How multi-asset, alternative risk premia strategies are disrupting the alternatives sector
- Alternative risk premia strategies offer powerful diversification potential in cost-efficient, liquid form
- Advances in product design and digital support of investment research are supporting the growth of new vehicles
- Some managers have introduced alternative risk premia ETFs
- The ARP approach is attracting interest globally
There are no new risk premia! All hail the new risk premia strategies!
In just the last few years, a cottage industry of boutique investment managers serving the most sophisticated large investors has mushroomed into a major new sector of the institutional asset management industry – alternative risk premia.
Strategies to systematically capture the risk premium inherent in numerous assets and strategies, both long and short, offer institutions the opportunity to diversify the sources of return and risk in their portfolios with greater precision than ever before – at costs far below the fees charged by alternative managers seeking to capture the same return sources through fundamental investment processes, that is, hedge funds.
These new strategies build on the practice of investing in factors such as growth, momentum or value, and the development of smart beta strategies that sought to deliver investors only the market-level return of an asset, but at a much lower price than traditional managers seeking to not only keep pace with the market, but add something extra – alpha.
The alternative risk premia movement supercharges the basic practice of capturing beta, expanding the range of returns available from premia-capture approaches beyond the boundaries of long-only investing to encompass more complex strategies involving long-short portfolios, currency and fixed-income trend trading, spread relationships and credit transactions.
These new investment approaches are made possible by the convergence of product design techniques that support the creation of highly-liquid vehicles with intellectual capital development practices that enable academics and investment professionals to come to a sharper understanding of the sources of asset returns. Alternative risk premia providers exploit those opportunities through investment vehicles that enable those returns to be harvested with precision.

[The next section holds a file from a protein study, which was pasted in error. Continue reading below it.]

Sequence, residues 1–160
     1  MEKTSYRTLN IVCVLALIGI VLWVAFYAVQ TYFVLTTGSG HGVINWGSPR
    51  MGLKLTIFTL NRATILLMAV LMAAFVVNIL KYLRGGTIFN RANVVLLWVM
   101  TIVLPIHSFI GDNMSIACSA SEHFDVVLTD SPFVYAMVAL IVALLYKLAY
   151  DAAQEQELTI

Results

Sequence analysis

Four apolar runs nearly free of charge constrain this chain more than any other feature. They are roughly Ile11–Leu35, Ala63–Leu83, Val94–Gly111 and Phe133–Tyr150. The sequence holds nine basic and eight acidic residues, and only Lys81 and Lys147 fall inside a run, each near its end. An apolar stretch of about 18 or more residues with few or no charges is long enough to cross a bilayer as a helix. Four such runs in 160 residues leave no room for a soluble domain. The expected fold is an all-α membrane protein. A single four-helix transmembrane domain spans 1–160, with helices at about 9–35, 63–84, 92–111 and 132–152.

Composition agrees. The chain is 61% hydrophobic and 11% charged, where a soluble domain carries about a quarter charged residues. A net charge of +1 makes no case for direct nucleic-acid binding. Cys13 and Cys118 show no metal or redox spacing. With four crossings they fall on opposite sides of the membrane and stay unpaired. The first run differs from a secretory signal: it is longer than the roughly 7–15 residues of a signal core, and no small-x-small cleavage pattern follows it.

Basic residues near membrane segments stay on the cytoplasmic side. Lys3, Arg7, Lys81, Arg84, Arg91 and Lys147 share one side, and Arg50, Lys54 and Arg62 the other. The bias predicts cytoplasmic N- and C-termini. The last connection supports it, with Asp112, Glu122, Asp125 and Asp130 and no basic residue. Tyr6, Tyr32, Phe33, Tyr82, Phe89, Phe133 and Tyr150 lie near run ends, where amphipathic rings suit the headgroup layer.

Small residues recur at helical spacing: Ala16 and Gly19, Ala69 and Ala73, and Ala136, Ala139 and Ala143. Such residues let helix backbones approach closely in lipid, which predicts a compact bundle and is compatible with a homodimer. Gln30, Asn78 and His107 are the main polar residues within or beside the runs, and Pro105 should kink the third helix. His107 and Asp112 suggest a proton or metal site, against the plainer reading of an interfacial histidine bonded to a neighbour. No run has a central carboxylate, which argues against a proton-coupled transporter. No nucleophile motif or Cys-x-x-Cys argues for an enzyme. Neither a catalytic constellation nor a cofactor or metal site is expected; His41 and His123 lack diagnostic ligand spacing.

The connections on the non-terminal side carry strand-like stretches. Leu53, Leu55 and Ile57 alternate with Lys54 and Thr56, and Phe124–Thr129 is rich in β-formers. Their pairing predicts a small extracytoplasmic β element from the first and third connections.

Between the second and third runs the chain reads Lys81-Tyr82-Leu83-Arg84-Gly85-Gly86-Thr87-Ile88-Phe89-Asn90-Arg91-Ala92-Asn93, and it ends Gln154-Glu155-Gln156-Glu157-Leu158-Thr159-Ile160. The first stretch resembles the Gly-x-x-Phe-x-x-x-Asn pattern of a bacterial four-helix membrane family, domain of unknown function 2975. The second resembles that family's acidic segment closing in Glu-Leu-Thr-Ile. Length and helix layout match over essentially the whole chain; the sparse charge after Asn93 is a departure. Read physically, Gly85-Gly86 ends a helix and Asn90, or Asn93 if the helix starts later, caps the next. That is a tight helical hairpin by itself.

Those characteristics pose a challenge to hedge funds, which typically pursue a variety of risk premia. More efficient and less expensive, alternative risk premia products are pressuring single-strategy funds to demonstrate what return they add above the beta for their respective strategy; in effect, alternative premia products are becoming the benchmark that hedge funds must beat, a radical shift from the cash-plus targets that many funds use.
But even as single-strategy funds are pressured, alternative premia are breathing new life into a sector only recently consigned to investment history – hedge funds of funds. The multi-manager community is starting to tap alternative risk premia products as the core of a re-invented core-satellite approach, stimulating more intensive research into potentially alpha-generating satellite managers.
Some believe the recent popularity of alternative risk premia products means the investment industry is on the cusp of a long-term innovation wave similar to the trend that took hold after academics confirmed the systematic nature of equity returns in the late 1960s and early 1970s (figure 1). That discovery spawned the passive investing and indexing paradigm, and some practitioners see a parallel in the identification of the systematic nature of numerous other risk premia in the current environment. They contend that a similar wave of creative disruption is underway, to marry the Schumpeterian concept of renewal and innovation with the digital-age notion that most businesses can be improved by the astute application of programming know-how and computer power.
“We’re seeing a major new asset class arising, one which is bound to have staying power, in our view,” says Lars Jaeger, head of alternative risk premia at GAM Systematic in Zurich. “We can already see similar growth and a similar trajectory as traditional risk premia in the 1990s and 2000s,” he adds. A pioneer of alternative beta strategies nearly 15 years ago, Jaeger says alternative premia investing is an idea whose time has come. “It’s about time that we provide investors with access to liquid forms of alternative returns which are systematic, which are cost-efficient, which are liquid and transparent,” he says. “That’s what institutional investors are looking for.”
Alternative risk premia providers have tapped a vein. The strategies they offer go a long way towards helping institutional investors diversify the sources of return in their portfolios cost-effectively, while reducing dependence on directionally-based investing approaches. Traditionally, institutional portfolios such as those managed by pension funds are long-biased, and the ability to generate positive returns is heavily dependent on asset values moving in only one direction – up.
Consultants see potential benefits from adding alternative premia strategies to a traditional portfolio. “We’re certainly seeing interest in those and using them in portfolios because they’re good diversifiers to traditional long market exposures,” says James Price, senior investment consultant with Willis Towers Watson’s manager research team. “Some of those strategies can do well when traditional markets are suffering.”
“For an asset owner comfortable using those hedge fund strategies, it makes the most sense to put those in alongside their traditional equity and fixed income allocation,” Price says. “It increases diversity to sell some of [the traditional allocation] and buy an alternative beta strategy the brings exposure to new strategies that are not directional, not reliant on markets going up to be profitable,” he adds. “That increases diversification and value for money.”